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Discussion Starter · #1 ·
Yesterday I got in my 2010 Chevy Cobalt after it sat for over a month. It was hot out, but my AC would only blow warm air. So first I checked the fuse and relay and both were fine. Then I checked to make sure the AC clutch was engaged and it was, so I figured it must need to be re-charged. I bought a can of AC Pro and hooked it up to the low charge port, but it showed in the green which the can said it didn't need recharging. The AC lines do not feel cold. Does this mean my compressor may be shot? How can I diagnose a bad compressor or what can I check next? Thanks.
 

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Yesterday I got in my 2010 Chevy Cobalt after it sat for over a month. It was hot out, but my AC would only blow warm air. So first I checked the fuse and relay and both were fine. Then I checked to make sure the AC clutch was engaged and it was, so I figured it must need to be re-charged. I bought a can of AC Pro and hooked it up to the low charge port, but it showed in the green which the can said it didn't need recharging. The AC lines do not feel cold. Does this mean my compressor may be shot? How can I diagnose a bad compressor or what can I check next? Thanks.
Did you turn on the A/C?
Did you try turning the temperature knob from hot to cold?
 

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AC Line clog maybe, take it somewhere cheap and get a diagnosis before you spend money. It is a big possibility that the compressor is bad as well
 

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Yesterday I got in my 2010 Chevy Cobalt after it sat for over a month. It was hot out, but my AC would only blow warm air. So first I checked the fuse and relay and both were fine. Then I checked to make sure the AC clutch was engaged and it was, so I figured it must need to be re-charged. I bought a can of AC Pro and hooked it up to the low charge port, but it showed in the green which the can said it didn't need recharging. The AC lines do not feel cold. Does this mean my compressor may be shot? How can I diagnose a bad compressor or what can I check next? Thanks.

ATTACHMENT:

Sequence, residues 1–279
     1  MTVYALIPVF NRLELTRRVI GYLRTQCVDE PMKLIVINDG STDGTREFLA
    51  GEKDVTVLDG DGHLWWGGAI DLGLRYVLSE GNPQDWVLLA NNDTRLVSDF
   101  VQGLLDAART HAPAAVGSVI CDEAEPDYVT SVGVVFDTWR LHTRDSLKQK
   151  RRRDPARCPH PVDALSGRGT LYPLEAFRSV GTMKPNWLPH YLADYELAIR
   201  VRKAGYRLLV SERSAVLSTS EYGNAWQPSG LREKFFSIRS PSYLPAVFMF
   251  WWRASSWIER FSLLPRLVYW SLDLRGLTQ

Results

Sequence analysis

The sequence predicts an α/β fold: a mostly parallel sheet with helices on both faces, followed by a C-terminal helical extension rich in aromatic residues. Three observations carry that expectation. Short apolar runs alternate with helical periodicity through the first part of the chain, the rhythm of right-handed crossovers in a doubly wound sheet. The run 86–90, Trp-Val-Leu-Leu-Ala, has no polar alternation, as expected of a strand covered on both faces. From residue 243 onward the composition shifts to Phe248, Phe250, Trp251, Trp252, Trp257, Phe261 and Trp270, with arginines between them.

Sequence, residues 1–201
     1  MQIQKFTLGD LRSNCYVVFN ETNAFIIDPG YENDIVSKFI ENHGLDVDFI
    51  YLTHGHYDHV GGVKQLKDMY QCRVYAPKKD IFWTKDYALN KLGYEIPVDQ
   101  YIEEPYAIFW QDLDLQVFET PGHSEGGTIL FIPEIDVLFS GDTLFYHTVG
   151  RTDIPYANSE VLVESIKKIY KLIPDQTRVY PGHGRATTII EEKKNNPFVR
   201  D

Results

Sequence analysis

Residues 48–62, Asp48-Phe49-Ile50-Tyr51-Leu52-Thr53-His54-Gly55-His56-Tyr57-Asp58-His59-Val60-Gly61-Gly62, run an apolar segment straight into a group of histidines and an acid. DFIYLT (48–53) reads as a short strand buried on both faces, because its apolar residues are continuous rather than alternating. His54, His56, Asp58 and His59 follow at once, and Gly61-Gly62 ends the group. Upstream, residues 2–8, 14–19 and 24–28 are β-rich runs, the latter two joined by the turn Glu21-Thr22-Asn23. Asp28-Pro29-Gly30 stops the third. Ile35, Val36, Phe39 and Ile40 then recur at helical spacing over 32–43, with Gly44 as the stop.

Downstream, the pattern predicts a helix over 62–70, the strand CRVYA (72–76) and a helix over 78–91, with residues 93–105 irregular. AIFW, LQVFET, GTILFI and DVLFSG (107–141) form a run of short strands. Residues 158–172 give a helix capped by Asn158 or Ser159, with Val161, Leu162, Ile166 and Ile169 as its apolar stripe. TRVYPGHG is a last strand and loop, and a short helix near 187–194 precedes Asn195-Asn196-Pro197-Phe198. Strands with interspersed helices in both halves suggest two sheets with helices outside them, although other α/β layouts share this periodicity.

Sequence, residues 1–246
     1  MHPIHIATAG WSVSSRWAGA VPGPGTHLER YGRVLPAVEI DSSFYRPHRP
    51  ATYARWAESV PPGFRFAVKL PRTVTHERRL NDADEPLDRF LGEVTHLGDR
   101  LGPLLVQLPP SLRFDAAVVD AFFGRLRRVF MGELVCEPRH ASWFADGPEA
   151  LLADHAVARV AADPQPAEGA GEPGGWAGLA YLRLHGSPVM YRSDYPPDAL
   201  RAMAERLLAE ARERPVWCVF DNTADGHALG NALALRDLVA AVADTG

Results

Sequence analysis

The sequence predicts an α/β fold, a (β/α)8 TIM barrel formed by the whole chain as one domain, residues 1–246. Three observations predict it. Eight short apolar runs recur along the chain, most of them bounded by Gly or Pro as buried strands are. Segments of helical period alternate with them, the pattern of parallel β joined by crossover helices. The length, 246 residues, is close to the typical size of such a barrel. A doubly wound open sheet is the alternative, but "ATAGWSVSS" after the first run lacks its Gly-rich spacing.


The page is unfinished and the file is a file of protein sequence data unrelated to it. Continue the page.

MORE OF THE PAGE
Check the vacuum lines to the blend door, it is possible that the door is stuck or a vacuum line is off or cracked
 

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Yesterday I got in my 2010 Chevy Cobalt after it sat for over a month. It was hot out, but my AC would only blow warm air. So first I checked the fuse and relay and both were fine. Then I checked to make sure the AC clutch was engaged and it was, so I figured it must need to be re-charged. I bought a can of AC Pro and hooked it up to the low charge port, but it showed in the green which the can said it didn't need recharging. The AC lines do not feel cold. Does this mean my compressor may be shot? How can I diagnose a bad compressor or what can I check next? Thanks.
Exact same thing happened to me. Only difference was my car was parked for about 5 years. AC Pro showed it was in the green. Compressor was working.Blend door working but still blowing warm . I took it to shop. Found out it needed to be evacuated and refilled it was low on Freon . AC Pro are junk. Maybe your Freon is low. Costed $99 + tax.